Prime Day….the Results, Kind of

A success or flop? If anything, Prime Day stoked the social media chatter with such trending Twitter hashtags as #PrimeDay and #PrimeDayFails.

It seems some consumers were not overly happy with the quality of deals and that some deals were only available at certain times. Some folks questioned if Amazon was just cleaning out warehouses.
However, according to Amazon’s press release, it was a big success with customers ordering 34.4 million items across Prime-eligible countries. The VP of Amazon Prime commented, “Worldwide order growth increased 266% over the same day last year and 18% more than Black Friday 2014 – all in an event exclusively available to Prime members. Going into this, we weren’t sure whether Prime Day would be a one-time thing or if it would become an annual event. After yesterday’s results, we’ll definitely be doing this again.”
Some industry analysts suggest that Amazon missed an opportunity to emphasize benefits that come with Prime membership such as speed of shipping, video and music streaming, photo storage and e-book lending – much more expanded benefits than what other retailers offer with their own subscription plans.
But, Wal-Mart, which hosted its own sale the same day and also announced success, has something that Amazon doesn’t have right now – physical stores. A jab or PR ploy, take it as you want, but Wal-Mart indicated that Wednesday (Prime Day for Amazon users) was the highest day of the year for same-day pickup at its stores and orders increased “triple digits” over the same day last year.
Indeed, it’s the 2-day free shipping that is such a nice benefit of being an Amazon Prime member but it’s a costly one for Amazon with Forrester estimating that it costs the company more than $1 billion a year. However, according to consulting firm Kurt Salmon, the one-day sale encouraged customers to buy all goods at once which then allowed Amazon to save money on shipping. The firm further noted that the sale served as a kind of Black-Friday test run to help it prepare for other high-volume days.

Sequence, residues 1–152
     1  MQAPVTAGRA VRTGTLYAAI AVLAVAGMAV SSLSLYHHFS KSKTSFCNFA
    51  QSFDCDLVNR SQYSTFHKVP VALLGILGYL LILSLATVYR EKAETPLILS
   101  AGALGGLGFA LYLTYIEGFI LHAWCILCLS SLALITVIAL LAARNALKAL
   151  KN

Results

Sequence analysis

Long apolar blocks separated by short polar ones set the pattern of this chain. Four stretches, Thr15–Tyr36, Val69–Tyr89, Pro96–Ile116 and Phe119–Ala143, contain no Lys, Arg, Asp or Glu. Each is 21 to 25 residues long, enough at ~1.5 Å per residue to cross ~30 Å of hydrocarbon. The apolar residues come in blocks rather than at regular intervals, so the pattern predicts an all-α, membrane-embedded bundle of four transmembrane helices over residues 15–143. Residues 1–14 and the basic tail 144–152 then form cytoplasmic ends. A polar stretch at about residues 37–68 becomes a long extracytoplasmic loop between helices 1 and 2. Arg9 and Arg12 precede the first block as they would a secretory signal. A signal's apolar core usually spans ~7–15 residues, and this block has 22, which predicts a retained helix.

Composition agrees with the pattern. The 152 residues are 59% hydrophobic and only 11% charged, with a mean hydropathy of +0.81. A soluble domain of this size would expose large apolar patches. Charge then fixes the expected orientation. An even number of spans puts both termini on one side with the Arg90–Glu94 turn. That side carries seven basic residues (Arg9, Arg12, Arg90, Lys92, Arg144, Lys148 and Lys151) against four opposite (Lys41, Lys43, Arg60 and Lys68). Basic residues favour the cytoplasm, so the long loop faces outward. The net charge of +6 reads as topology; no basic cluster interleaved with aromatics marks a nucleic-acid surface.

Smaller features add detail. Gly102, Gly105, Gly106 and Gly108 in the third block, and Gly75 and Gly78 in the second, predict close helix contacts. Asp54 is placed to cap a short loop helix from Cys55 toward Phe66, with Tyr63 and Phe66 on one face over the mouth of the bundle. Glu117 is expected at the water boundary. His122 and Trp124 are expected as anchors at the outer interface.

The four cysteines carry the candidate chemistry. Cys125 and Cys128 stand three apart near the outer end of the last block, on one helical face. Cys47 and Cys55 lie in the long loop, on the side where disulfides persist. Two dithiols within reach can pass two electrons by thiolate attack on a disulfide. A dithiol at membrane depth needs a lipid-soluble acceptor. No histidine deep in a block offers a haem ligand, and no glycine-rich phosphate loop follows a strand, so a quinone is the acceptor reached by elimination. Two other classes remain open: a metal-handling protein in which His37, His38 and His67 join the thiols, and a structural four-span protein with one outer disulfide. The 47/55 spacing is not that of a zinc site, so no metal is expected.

Amazon is dependent on such delivery networks from UPS, FedEx, USPS and other delivery providers here in the US as well as other locations throughout the world.
So, how did Amazon’s delivery partners do? By all accounts, it appears all went well with a few hiccups scattered about. A few Twitter comments were concerned about 2-day deliveries not being delivered on time and/or rescheduled for Monday.
For the USPS, it was probably more of a struggle to juggle the packages in addition to the usual mail delivery but a key benefit it has over the two main delivery companies is that it delivers 7 days a week.
An interesting analysis of how it was expected to do on Prime Day can be found in the article “Is the Postal Service Primed for Amazon Prime Day?” In which the author estimates the USPS could see 12 million packages, roughly 20 times its normal Amazon volume and more than double its normal daily volume for all Parcel Select packages.
Likely we will learn more when earnings announcements start to trickle in. Estimated dates of these announcements are:
Amazon – July 23
UPS – July 28
USPS – early August
Wal-Mart – August 18
FedEx – September 16
So, as Amazon’s VP of Amazon Prime noted, the sale will probably return next year. Things will likely be different in 2016 as an analyst with NPD Group noted, “Christmas in July is not going to be new next year. It’s going to be repeated and embraced by more and more retailers.”
Other posts related to this topic:
Did Walmart Just One Up Amazon?
July 15th is Prime Day, Are the Couriers Ready?
comments powered by Disqus